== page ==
This week, the U.S. National Transportation Safety Board (NTSB) convened a two-day investigative hearing to examine a battery fire that broke out in a Boeing 787 Dreamliner on 7 January at Boston’s Logan International Airport. In the coming weeks, Dreamliners will be returning to service around the world after being fitted with Boeing’s fix to its batteries, which has been approved by the Federal Aviation Administration. Yet some questions remain—notably, what the root cause of the fire was—even though the Dreamliner’s battery problems have now been given their most thorough public airing to date.
During the hearing—in which Boeing noted they expected one battery overheating event every 10 million flight hours but instead got two in 58 000 flight hours—Boeing and its subcontractors faced some scrutiny about the new battery fix. NTSB chair Deborah Hersman, for instance, pointedly asked a panel of Boeing engineers: “So even without understanding the root cause, which you and [Boeing Commercial Airplanes vice president Mike] Sinnett have acknowledged, you feel the mitigation efforts guarantee safety?”
Later in the same session, Boeing systems engineer Jerry Hulm replied to a similar question by noting that, yes, the cause of the battery fires is still a mystery. But, Hulm said, Boeing did not need to solve the mystery to fix the problem.
Boeing’s investigators, he said, are “leaning toward” the conclusion that the battery fires were caused by internal short circuits within the battery. But, he added, for the purpose of the fix [PDF], Boeing has tried instead to mitigate the effects of short circuits, building metal structures that could contain a burning battery and vent any smoke or other gases from the plane. Other testimony examined the new electronics and the battery’s improved ability to handle overcharging and overdischarging, which Boeing testified could also lead to battery fires and overheating events.
Michael Pecht, director of the University of Maryland’s Center for Advanced Life Cycle Engineering, says people should pay attention to the counterexample Airbus has provided. In response to Boeing’s battery woes, Airbus announced in February that it had ditched its plans to use lithium-ion batteries in its forthcoming A350 and instead switched to aviation-industry-standard nickel cadmium cells.
“This is a huge deal,” Pecht says. “What they’re really saying is lithium-ion technology is premature to use in systems where safety is such a big issue, especially if they don’t know all the failure mechanisms.”
Donald Sadoway, a professor of materials chemistry at MIT, is also critical of Boeing’s battery fix. “The response of Boeing is one of containment, not mitigation,” Sadoway says. “This is not a fix. It is an attempt to minimize damage in the event of a fire, in contrast to an attempt to prevent fire.”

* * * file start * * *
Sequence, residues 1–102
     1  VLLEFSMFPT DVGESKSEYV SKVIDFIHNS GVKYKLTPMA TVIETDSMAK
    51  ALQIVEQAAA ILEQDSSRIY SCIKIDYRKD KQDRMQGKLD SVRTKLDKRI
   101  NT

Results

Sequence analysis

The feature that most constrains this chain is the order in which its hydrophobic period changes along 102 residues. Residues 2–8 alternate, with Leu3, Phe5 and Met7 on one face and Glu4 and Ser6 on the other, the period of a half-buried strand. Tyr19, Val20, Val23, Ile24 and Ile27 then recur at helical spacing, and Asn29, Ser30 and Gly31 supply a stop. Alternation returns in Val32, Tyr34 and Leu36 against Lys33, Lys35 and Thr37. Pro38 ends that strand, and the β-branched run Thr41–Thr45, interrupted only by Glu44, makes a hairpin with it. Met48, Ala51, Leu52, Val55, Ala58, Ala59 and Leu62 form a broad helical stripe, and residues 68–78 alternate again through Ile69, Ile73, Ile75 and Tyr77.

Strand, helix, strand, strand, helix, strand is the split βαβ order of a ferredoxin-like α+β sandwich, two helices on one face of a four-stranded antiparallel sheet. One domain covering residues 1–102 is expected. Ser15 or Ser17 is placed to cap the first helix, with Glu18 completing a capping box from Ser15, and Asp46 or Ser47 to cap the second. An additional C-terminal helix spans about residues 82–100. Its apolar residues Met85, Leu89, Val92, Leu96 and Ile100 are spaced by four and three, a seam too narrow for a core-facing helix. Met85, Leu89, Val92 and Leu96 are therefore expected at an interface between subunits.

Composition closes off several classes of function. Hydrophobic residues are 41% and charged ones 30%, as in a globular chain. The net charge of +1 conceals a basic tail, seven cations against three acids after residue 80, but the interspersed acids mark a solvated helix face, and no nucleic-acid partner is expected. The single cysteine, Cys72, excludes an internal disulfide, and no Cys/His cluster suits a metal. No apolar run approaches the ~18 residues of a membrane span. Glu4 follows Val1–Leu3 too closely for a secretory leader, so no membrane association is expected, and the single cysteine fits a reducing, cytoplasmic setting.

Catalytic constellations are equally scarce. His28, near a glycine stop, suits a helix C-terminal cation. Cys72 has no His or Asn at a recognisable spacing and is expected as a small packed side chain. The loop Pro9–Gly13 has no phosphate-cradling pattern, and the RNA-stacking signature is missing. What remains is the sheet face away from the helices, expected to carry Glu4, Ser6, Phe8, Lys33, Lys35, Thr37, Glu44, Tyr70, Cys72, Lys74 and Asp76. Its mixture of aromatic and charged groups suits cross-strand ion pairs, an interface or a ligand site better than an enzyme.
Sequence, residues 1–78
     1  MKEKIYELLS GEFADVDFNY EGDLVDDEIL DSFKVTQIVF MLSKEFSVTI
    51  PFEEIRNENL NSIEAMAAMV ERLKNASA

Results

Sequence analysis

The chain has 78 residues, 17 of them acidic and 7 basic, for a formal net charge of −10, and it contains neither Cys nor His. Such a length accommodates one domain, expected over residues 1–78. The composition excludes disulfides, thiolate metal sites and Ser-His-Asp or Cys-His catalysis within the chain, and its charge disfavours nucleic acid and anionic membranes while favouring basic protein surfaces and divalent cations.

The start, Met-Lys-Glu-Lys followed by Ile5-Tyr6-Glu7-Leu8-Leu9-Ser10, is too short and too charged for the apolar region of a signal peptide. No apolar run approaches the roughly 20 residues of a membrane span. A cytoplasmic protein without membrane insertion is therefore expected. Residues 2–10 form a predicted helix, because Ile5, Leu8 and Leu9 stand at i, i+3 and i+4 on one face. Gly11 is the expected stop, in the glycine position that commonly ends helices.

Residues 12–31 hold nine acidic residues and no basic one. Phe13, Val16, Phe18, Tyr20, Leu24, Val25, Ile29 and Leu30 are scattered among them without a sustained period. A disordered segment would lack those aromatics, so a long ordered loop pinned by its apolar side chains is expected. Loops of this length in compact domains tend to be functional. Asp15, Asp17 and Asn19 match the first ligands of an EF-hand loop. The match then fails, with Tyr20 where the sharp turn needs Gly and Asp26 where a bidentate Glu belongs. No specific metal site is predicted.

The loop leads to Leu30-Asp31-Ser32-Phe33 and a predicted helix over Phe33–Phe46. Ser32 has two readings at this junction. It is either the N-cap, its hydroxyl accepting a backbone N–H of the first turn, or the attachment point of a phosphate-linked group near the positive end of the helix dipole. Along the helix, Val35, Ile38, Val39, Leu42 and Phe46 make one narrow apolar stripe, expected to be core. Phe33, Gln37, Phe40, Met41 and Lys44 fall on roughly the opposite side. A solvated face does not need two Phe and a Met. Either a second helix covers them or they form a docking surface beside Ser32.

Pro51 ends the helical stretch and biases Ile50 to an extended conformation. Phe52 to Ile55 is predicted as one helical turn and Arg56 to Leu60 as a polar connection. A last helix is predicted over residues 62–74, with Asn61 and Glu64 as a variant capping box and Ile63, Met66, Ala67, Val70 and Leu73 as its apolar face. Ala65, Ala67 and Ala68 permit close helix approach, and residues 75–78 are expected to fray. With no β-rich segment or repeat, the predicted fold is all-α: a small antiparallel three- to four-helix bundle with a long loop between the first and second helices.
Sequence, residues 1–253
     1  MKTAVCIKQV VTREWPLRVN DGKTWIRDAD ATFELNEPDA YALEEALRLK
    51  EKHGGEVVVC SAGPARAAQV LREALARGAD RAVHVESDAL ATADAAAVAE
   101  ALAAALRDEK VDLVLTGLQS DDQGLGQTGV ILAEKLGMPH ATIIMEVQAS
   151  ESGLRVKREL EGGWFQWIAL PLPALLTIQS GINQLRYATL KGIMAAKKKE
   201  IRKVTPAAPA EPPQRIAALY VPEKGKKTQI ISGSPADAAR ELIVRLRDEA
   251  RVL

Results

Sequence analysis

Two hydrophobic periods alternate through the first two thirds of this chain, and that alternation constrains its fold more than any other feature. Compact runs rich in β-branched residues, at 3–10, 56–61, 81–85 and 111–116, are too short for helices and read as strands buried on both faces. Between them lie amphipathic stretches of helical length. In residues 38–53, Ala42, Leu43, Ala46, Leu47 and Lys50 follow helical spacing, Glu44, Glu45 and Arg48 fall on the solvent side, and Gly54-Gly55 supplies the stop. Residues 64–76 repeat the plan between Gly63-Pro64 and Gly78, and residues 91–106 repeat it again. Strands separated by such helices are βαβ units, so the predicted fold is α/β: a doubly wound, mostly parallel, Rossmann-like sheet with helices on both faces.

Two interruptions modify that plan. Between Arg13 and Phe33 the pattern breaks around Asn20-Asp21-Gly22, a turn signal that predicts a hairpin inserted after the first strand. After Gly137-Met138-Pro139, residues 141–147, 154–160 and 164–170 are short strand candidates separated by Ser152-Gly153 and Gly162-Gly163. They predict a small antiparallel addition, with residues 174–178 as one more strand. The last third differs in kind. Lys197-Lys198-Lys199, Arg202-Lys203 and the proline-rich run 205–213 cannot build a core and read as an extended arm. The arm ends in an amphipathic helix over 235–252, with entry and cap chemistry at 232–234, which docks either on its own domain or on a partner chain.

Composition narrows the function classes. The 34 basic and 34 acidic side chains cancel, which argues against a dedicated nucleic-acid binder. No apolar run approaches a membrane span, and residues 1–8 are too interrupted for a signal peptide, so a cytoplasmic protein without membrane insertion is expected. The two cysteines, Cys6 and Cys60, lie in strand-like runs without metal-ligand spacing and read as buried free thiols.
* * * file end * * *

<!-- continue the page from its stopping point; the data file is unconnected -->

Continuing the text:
One particularly troublesome lithium-ion battery failure stems from microscopic impurities inside the battery. As Spectrum previously reported, recent research has pointed to a weeks- or months-long process of charge and discharge cycles that slowly breaks down the impurities and forms a metallic dendrite inside the cell, which could short-circuit the battery and lead to a runaway fire. That failure mode is much harder—though according to the research, still possible—to diagnose.
During this week’s NTSB event, a member of the hearing’s technical panel asked Boeing’s battery maker—the Japanese firm GS Yuasa—how it “ensures that there is no contamination that gets introduced into the battery during manufacturing.” Takahiro Shizuki, manager of GS Yuasa’s large-scale lithium-ion battery division, said the batteries are manufactured in a clean room with rigorous outside inspection regimens. He added that finished cells are also individually inspected via CT scan.
Ralph Brodd, veteran battery consultant from Broddarp of Nevada, based in Henderson, says the Dreamliner’s recent difficulties bring to mind battery-fire problems with laptop computers in the 1990s.
In the laptop fires, he says, much of the solution came from the suppliers improving their manufacturing process to remove iron-oxide impurities. “You learn that your supplier cannot produce the material with iron contamination in it,” says Brodd. And just as the early laptop makers did, Boeing and GS Yuasa need to step up their batteries’ manufacture and design too.
“There’s no reason to think, if properly made and implemented, they are not safe,” Brodd says of the Dreamliner’s batteries.
On Thursday, the day after the NTSB hearings concluded, the FAA officially cleared the Dreamliner to return to regular passenger service once its batteries are fixed.
Margo Anderson is the news manager at IEEE Spectrum. She has a bachelor’s degree in physics and a master’s degree in astrophysics.